2016: Fractured politics and big issues

images-1An article by Peggy Noonan in the Wall Street Journal this weekend brought home to me the dgree to which politics in 2016 has fractured beyond hope of immediate repair. Ms. Noolan, a right of center author of books such as The Case Against Hilary Clinton, is certainly not sympathetic to the Democratic party but argued cogently that Donald Trump’s candidacy may in fact split the Republican party in the united States into two very distinct groupings. Her main point is not Trump has tapped into a vein of republican voters but that the Republican leadership has lost its way.

Another article, by Jim Newell in Slate, outlines Jeb Bush’s plans to destroy or weaken the other moderate Republicans in the race to be the only reasonable oice left standing and thus to have a shot to win the nomination.

What both of these articles show is an american electorate more divided than ever.

Not Just the USA

In Spain the elections of December 20th have left the country without a clear path to governance. Like in the United States, the former two party system that has governed spanish politics since just after its transition to democracy is on the verge of collapse and the socialist Party, the heir to the Spanish Republic is also close to disintegration with supporters fo Pedro Sanchez on one side and Andalucias’s Susana Diaz on the other.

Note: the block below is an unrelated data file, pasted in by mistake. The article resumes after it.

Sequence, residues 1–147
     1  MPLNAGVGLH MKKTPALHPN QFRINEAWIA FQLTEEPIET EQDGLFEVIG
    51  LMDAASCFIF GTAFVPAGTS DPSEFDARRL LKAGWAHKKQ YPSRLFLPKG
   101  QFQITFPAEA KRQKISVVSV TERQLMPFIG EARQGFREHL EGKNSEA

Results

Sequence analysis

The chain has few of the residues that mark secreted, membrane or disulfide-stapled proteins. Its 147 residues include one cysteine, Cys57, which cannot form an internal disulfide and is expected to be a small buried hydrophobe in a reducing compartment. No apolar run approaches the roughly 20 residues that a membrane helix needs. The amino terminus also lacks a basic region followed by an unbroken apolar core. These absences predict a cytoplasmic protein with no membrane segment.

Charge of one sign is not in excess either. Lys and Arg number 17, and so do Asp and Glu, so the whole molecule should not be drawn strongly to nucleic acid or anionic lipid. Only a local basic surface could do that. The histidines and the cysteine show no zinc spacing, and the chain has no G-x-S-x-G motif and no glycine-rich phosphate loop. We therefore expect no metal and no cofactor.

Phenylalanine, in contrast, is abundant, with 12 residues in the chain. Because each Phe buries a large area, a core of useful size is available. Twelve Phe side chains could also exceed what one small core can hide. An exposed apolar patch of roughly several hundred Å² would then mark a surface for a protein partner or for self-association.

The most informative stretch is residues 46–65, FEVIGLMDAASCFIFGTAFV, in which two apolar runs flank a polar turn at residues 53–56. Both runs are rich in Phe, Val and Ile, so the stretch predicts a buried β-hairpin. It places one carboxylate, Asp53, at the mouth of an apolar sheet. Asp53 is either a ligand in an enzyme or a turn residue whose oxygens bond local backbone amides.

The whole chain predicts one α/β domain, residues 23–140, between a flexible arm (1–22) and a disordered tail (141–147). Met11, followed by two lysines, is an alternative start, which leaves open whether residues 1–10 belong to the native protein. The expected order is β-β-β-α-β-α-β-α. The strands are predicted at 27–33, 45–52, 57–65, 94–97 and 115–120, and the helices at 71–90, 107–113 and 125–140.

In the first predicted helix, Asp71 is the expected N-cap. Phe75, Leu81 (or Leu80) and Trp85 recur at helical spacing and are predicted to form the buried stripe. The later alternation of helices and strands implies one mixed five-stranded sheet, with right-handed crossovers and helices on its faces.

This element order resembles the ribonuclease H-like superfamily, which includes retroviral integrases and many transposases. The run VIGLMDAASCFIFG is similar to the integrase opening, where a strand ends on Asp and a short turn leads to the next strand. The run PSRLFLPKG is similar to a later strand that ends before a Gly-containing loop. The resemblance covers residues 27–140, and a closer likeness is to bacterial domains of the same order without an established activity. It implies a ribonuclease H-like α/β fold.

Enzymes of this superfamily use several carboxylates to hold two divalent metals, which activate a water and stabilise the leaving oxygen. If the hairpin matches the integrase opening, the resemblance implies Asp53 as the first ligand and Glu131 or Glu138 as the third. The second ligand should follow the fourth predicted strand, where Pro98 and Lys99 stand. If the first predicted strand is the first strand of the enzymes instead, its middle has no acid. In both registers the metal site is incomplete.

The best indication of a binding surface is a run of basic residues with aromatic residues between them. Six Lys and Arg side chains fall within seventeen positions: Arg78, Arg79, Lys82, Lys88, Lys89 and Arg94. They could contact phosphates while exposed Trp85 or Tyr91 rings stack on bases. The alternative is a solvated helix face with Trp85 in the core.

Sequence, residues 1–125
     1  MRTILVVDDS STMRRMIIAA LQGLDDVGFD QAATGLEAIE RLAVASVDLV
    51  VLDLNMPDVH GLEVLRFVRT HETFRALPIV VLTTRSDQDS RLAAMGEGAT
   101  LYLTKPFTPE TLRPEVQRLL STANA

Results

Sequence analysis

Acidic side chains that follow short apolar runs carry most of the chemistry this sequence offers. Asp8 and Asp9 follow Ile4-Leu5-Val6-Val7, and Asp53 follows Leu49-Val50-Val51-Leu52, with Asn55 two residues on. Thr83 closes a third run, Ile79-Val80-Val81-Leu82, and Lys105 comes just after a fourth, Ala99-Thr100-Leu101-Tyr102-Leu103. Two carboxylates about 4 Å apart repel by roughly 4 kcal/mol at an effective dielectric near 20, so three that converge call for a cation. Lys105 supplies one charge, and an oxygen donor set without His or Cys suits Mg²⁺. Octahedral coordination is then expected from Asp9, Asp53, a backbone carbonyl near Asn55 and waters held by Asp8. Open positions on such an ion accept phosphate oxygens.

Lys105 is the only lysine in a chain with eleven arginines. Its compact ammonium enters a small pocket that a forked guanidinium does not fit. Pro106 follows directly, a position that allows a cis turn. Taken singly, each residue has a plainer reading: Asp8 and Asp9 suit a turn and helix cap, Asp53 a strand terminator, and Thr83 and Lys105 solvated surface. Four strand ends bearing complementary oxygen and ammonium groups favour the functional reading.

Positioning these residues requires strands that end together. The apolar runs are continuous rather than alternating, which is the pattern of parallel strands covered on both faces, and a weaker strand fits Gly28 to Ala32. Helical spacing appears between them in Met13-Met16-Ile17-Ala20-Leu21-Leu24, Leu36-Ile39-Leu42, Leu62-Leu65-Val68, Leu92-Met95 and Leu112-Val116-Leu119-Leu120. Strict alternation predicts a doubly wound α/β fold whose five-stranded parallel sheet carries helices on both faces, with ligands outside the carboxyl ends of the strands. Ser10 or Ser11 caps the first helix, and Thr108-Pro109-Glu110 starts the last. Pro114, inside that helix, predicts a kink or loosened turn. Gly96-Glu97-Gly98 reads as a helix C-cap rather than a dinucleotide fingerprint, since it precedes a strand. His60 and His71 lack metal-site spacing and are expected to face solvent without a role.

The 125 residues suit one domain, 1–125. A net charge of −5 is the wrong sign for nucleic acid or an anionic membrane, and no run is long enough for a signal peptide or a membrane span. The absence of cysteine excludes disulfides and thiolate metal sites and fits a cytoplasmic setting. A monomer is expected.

In France, Marie Le Pen has managed to divide the electorate and while the powers that be managed to keep her party from power despite winning almost 6.5 million votes according to the Guardian!,

Even the United Kingdom is experiencing what one might call the “great fracturing” and has seen the United Kingdom Independence Party win 12.6 % of the vote and emerge s the country’s third biggest party.

Big problems to deal with

The political landscape would actually be rather entertaining if it wasn’t for the truly critical problems facing the world in 2016. These problems include:

  • An increasing barbaric Islamic State operating just South of Europe and putting into play ancient rivalries between SHia and Sunni as well as between Islam and the West
  • Increasing evidence of climate change and pollution and the challenge of implementing the Paris accord
  • A sluggish global economy with increasing inequality around the word
  • Other geo-political hot-spots around the world many of which could expand into regional, if not global, conflict

Time for Leaders

imagesWith these and other  issues in mind what we need are real leaders not cynical politicians ready to do what it takes to get ahead in the polls or even be elected. What we certainly do not need are hot headed, know nothings who appeal to our most basic instincts and try to win elections by making people increasingly fearful.

The problem is that the Trumps and Le Pen’s of the world offer simplistic solutions to complex problems that people latch onto in order to make sense of a world in which they have lost their bearings.

The responsibility of leadership, as well laid out by Harvard’s Dean Williams in his new book is to help people make sense of the world around them and then to do the right thing for themselves and their communities. The right thing is clearly not to judge people by their religious affiliation or to deny the reality of climate change.

About Mike Rosenberg

Professor Mike Rosenberg Professor of Strategic Management, IESE http://www.iese.edu/en/faculty-research/professors/faculty-directory/mike-rosenberg